Displaced Darfuris seek seat at peace talks

OTASH CAMP, Sudan Wed Sep 12, 2007 2:13pm EDT

1 of 3. Displaced Sudanese children stare at the convey of Britain's Minister of State for African Affairs Mark Malloch Brown near south Darfur's Otash September 11, 2007. Displaced Darfuris in the dusty, squalid camp in Sudan's war-torn west have demanded a seat at peace talks between Khartoum and Darfur rebel groups, warning negotiations could fail without their participation.

Credit: Reuters/Mohamed Nureldin

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OTASH CAMP, Sudan (Reuters) - Displaced Darfuris in a dusty, squalid camp in Sudan's war-torn west have demanded a seat at peace talks between Khartoum and Darfur rebel groups, warning negotiations could fail without their participation.

Khartoum released a joint communique with the United Nations last week saying it will start talks with Darfur rebels on October 27 in Libya to push for peace before a 26,000-strong U.N.-African Union peacekeeping force deploys to Darfur.

"There is no representative for us there. No one came and consulted us. If some of us were present at the talks it would help them succeed," Al-Bashir Al-Nagi, a local community leader, told Reuters.

He predicted the planned talks, as construed, are "not going to succeed. They will fail like the last ones."

Several Darfur sheikhs made similar pleas to visiting British Foreign Office Minister for Africa Mark Malloch Brown on Tuesday as they gathered in a small hut at the Otash displaced persons camp in south Darfur to air grievances.

"We would like to participate in the peace-building process," one local sheikh told Malloch Brown.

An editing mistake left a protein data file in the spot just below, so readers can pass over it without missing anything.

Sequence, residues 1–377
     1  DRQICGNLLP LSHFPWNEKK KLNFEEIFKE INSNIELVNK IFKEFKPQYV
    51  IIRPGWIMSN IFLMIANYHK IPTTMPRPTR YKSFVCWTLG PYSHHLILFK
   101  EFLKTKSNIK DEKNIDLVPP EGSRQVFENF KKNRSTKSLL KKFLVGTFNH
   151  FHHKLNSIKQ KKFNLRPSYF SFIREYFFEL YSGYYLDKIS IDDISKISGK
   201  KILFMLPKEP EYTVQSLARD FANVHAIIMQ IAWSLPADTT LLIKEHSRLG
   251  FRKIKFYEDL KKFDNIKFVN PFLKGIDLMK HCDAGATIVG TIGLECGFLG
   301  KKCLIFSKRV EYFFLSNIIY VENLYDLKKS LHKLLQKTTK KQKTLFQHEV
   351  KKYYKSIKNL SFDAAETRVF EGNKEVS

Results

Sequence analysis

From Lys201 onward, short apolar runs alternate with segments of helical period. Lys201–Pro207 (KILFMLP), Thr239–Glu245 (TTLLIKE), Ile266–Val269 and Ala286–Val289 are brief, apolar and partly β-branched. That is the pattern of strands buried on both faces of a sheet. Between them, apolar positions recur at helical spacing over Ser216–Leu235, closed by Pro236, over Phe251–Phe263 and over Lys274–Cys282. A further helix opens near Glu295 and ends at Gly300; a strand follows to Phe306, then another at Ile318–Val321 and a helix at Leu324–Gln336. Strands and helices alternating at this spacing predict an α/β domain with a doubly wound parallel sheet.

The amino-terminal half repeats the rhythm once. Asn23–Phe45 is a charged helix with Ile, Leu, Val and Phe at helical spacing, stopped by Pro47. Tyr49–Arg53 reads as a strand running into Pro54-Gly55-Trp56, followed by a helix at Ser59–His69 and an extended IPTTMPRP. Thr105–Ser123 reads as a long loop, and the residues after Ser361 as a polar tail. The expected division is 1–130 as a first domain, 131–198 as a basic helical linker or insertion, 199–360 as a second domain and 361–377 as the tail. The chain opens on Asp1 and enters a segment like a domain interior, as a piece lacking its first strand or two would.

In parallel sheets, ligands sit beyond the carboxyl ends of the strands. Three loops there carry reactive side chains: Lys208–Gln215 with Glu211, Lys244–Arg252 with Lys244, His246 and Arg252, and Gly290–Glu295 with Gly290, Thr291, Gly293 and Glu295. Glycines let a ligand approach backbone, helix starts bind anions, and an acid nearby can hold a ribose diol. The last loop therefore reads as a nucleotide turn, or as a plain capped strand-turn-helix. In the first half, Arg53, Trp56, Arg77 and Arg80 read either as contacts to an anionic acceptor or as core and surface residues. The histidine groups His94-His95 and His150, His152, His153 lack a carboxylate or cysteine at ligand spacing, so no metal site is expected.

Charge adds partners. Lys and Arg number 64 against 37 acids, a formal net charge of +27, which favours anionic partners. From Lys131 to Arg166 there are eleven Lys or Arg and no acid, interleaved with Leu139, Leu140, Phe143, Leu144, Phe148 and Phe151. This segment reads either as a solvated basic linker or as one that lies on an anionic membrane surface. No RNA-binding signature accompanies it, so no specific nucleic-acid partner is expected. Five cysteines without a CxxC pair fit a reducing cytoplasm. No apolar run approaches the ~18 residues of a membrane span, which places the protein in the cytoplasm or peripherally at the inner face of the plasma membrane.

Otash residents in South Darfur, which humanitarian workers say has seen more killing and displacement than other areas of Darfur this year, said they feel increasingly disconnected from the rebel leaders, several of whom live abroad, and they want their own representation at the talks.

International experts estimate some 200,000 people have died and 2.5 million have fled their homes in over four years of ethnic and political violence in Darfur, which the United States calls genocide.

Khartoum rejects the charge and says Western media overplay the conflict. The International Criminal Court is investigating war crimes allegations in the region.

Only one Darfur rebel leader, Minni Arcua Minnawi, leader of a Sudan Liberation Movement breakaway group, signed a 2006 peace deal with the government. His arch-rival, Abdel Wahed Mohamed el-Nur, who lives in Paris and commands huge popularity in the camps, refused to sign.

Since then, Darfur's three main rebel factions have split into more than a dozen groups in disputes that have fuelled lawlessness in the remote region, and some former Nur supporters in Otash now say they feel disappointed by his leadership.

"Negotiations are important but we are tired of Abdel Wahed," Otash resident Amina Mohamed Ahmed said.

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